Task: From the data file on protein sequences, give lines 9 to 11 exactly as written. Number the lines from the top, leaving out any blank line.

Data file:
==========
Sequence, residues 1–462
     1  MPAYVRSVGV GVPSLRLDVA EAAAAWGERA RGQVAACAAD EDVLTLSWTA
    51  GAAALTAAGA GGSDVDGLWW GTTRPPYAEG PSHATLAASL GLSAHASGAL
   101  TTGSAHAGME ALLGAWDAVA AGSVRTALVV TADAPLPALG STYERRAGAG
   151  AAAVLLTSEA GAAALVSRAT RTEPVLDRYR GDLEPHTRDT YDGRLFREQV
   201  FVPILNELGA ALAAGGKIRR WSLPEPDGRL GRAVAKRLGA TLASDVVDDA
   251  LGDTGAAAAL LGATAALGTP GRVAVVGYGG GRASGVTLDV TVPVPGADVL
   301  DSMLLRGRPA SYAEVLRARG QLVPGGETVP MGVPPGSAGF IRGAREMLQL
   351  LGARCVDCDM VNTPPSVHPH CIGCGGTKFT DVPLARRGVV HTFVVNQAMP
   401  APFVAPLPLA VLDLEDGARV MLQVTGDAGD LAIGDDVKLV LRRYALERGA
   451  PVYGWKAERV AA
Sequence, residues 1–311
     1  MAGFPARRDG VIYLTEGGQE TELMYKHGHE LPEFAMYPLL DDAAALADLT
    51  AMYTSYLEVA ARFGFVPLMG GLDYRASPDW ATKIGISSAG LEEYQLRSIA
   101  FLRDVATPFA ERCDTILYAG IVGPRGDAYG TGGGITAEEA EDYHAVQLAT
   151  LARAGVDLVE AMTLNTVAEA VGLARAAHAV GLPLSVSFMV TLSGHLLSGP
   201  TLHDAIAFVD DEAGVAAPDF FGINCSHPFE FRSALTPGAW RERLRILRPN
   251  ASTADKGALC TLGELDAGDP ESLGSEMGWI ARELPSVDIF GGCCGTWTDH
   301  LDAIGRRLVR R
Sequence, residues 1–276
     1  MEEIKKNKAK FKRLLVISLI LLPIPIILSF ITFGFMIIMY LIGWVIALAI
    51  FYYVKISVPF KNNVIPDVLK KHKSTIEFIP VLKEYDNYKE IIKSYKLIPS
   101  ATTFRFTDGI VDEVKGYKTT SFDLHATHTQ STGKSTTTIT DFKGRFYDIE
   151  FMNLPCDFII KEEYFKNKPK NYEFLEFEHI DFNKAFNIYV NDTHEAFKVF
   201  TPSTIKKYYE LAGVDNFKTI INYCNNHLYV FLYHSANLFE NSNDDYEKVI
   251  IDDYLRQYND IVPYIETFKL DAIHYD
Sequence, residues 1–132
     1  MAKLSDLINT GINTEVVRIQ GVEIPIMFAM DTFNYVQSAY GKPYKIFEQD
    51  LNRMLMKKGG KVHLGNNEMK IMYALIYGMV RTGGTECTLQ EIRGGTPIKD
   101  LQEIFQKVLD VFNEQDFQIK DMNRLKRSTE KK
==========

   351  LGARCVDCDM VNTPPSVHPH CIGCGGTKFT DVPLARRGVV HTFVVNQAMP
   401  APFVAPLPLA VLDLEDGARV MLQVTGDAGD LAIGDDVKLV LRRYALERGA
   451  PVYGWKAERV AA